Irish economy in good shape with tax €2bn ahead
The latest Exchequer figures from the Department of Finance show that tax receipts are running 2 billion ahead of target so far this year, boosted by the booming property market.
Last month Finance Minister Brian Cowen said that tax receipts for the year would come in €2.3 billion ahead of targets for the full year.
Spending is running just €346m behind target, compared to a figure of €1.2 billion this time last year, and the Government has collected €33 billion in tax so far this year.
But it is not the country's workers who are paying it, it is house buyers and businesses with stamp duties running €836m above target and capital taxes €444m ahead of targets. Both of these taxes reflect the strong property market.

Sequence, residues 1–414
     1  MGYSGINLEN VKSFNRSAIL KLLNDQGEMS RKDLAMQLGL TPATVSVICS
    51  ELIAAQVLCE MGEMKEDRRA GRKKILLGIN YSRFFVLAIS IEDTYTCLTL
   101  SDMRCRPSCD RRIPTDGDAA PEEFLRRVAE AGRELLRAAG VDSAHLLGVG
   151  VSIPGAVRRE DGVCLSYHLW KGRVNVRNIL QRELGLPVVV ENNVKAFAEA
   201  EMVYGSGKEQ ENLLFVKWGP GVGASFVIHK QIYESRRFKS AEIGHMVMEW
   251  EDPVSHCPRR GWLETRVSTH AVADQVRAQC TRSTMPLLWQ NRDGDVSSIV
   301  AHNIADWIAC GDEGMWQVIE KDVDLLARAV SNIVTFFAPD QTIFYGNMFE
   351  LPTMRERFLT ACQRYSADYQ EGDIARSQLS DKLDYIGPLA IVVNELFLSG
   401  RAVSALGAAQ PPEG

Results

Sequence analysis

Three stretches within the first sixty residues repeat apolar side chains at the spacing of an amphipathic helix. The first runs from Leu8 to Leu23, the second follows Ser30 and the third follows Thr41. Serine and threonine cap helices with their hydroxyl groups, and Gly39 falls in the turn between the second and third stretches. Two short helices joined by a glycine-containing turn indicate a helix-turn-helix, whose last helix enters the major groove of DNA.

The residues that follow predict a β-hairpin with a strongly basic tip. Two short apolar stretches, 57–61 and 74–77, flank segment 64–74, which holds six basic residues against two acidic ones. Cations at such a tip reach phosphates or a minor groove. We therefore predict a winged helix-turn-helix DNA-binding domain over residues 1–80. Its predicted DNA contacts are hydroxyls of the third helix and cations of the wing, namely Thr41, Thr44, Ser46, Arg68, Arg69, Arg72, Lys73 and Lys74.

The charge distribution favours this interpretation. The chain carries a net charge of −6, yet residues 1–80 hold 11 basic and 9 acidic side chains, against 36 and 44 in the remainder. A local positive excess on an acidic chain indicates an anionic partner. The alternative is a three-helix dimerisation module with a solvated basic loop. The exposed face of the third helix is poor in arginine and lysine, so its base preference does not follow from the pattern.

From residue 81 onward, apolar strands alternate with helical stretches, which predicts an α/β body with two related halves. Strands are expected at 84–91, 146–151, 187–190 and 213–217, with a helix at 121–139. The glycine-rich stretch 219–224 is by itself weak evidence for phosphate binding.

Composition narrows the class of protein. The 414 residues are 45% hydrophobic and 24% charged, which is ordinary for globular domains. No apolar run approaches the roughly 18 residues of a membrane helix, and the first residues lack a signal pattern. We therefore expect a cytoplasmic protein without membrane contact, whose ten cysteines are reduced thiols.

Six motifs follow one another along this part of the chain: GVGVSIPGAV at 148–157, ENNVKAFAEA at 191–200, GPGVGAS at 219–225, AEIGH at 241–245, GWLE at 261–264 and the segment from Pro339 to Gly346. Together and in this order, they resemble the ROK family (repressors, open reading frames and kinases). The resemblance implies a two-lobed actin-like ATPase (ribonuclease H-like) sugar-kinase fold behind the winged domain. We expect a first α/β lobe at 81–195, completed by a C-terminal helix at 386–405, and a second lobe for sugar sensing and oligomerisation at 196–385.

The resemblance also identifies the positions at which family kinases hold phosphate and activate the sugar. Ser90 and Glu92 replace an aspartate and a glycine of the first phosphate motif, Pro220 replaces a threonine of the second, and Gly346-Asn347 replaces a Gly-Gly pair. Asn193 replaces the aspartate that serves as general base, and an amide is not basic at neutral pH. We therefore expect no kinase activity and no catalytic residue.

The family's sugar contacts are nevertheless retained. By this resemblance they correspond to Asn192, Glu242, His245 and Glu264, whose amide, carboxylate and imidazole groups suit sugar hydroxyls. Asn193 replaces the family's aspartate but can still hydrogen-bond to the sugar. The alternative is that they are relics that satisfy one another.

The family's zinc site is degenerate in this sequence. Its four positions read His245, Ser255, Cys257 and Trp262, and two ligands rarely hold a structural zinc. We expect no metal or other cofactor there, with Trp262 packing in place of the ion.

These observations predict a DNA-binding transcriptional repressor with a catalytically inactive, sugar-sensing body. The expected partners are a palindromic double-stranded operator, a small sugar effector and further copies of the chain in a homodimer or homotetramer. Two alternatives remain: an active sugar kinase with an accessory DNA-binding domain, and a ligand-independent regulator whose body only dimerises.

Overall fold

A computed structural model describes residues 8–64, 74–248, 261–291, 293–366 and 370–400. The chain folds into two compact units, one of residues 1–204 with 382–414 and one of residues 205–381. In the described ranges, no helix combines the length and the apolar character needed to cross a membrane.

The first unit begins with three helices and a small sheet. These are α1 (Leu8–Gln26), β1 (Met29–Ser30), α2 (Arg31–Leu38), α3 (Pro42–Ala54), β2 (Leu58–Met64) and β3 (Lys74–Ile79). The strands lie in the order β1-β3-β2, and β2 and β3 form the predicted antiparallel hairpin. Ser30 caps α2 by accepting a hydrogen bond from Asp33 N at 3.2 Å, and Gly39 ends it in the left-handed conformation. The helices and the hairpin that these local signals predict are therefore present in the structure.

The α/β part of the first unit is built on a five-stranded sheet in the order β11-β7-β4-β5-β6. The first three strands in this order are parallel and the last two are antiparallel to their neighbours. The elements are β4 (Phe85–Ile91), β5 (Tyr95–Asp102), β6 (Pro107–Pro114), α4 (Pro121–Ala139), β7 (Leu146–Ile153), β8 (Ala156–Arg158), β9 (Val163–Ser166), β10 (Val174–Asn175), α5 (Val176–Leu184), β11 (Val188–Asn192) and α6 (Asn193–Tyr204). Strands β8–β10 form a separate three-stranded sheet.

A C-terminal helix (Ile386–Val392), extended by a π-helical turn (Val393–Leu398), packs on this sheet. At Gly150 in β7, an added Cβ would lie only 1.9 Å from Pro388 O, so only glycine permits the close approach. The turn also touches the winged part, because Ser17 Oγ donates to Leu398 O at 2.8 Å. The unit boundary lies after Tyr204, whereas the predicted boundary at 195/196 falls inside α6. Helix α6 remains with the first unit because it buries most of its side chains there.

Vat receipts are 239m ahead of the figure forecasted in January, income tax is running 147m ahead of target and corporation tax is 213m ahead for the ten months to end of October.
Chief economist of Ulster bank Pat McArdle said that if revenue continues to overshoot at this pace, the will be €2.4 billion, not the €2.2 billion that the Minister predicted in mid-Oct when he unveiled his new pre-Budget Outlook for 2007.
'In fact, there is a good chance that the overshoot will be substantially greater than €2.4 billion. About a quarter of all tax revenue comes in in the last two months as the self-employed file and pay. While many will have slaved to meet the end-October filing date, they will usually have dated the cheque 31 Oct with the result that it is not booked by Revenue until early November', he said.
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